Why Your Creativity Is Being Crippled By An Outdated, Overworked OS

We may be humans and not personal computers, but nevertheless the internal Operating System (OS) we each run ultimately decides how creative, adventurous and successful we feel our creative lives are.

What do we mean by your OS??

If your mind itself is the computer or the hardware, then the contents of your mind – all your thoughts and beliefs – is the Operating System.

If you’re trying to run cutting edge, complex, incredibly creative software, and you want your computer to be performing at its best, then having an overloaded OS full of outdated and fragmented files is going to cripple its ability to function well.

It’d be like trying to run a brand new computer with an OS from 10, 15, even 20 years ago. The weakest link is not the lightning fast processor, the vast expanses of memory or the retina quality graphics card. It’s the creaky, limited OS.

image: Stephen Mitchell

Before we disappear into too much geek speak, let’s look at a simple real life example of what I mean.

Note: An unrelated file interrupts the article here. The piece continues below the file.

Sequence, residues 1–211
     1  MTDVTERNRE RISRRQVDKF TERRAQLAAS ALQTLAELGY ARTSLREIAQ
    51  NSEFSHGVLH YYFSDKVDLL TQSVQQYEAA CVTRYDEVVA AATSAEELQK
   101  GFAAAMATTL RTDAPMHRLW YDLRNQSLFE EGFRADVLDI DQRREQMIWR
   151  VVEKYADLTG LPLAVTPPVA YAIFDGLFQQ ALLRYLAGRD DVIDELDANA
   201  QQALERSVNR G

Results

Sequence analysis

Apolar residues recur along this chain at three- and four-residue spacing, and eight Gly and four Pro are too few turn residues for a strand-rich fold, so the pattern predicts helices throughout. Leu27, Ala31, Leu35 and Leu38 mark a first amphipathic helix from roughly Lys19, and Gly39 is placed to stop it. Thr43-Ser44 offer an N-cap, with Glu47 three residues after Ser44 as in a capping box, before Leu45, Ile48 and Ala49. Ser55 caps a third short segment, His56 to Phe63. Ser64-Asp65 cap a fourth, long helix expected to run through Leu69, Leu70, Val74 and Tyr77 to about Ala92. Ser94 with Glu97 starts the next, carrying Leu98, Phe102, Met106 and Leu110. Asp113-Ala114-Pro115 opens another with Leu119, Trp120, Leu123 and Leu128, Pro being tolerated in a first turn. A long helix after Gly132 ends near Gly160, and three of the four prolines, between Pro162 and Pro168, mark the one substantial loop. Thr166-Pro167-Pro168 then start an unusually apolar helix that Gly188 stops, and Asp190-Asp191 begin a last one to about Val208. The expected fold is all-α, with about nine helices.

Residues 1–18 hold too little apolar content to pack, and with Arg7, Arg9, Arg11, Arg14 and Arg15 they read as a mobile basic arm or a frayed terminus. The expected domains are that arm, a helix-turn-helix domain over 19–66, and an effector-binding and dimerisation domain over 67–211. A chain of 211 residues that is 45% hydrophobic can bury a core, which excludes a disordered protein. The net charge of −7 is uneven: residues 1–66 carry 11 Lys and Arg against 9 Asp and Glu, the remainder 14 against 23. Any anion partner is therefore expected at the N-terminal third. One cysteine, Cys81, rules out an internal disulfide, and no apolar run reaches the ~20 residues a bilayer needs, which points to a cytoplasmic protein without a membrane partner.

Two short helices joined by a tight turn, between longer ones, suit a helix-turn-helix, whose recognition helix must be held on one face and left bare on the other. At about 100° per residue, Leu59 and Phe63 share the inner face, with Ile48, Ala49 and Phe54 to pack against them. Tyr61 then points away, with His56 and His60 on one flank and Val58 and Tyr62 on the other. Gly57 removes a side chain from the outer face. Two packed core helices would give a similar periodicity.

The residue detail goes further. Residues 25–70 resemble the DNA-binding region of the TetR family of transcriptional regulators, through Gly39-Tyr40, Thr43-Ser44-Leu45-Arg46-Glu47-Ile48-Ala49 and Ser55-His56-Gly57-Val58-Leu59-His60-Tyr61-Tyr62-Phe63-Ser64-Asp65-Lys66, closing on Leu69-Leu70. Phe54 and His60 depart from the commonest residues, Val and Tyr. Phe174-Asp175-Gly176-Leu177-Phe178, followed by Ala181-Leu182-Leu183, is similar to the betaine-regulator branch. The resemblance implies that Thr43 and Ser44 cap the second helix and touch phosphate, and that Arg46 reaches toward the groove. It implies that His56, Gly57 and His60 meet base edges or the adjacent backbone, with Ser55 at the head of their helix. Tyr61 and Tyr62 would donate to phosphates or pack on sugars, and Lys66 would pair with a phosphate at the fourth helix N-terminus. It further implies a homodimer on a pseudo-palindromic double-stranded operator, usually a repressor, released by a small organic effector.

I’ve been teaching salsa for about two and a half years or so. I currently teach four lessons a week, and have done at least three a week for a long while, so I get a fair amount of experience.

But when someone new asks me about how long I’ve been teaching salsa, there’s a part of me that thinks: “Oh, you mean ME? Well I’m not REALLY a salsa teacher, I just sort of turn up and show people roughly how to do a few moves and hope they get it.”

Or, worse still, I look around to see if there’s a “proper” salsa teacher behind me that the stranger was directing their questions at.

My own Operating System in this area is still stuck in a previous era maybe four or five years ago when I hadn’t even danced a step of salsa, and never dreamed I’d ever dance it, let alone teach it and be good at it.

My beliefs haven’t caught up with the reality.

If I could indulge in another personal example. I went through a difficult emotional time in my late teens, and had a few issues with eating, and especially eating publicly. That was literally decades ago.

But even now, if I’m asked to dinner with a group of people, I occasionally briefly revert back to the old me of my late teens and think “I can’t possibly eat in public, I have issues with eating, didn’t you know?”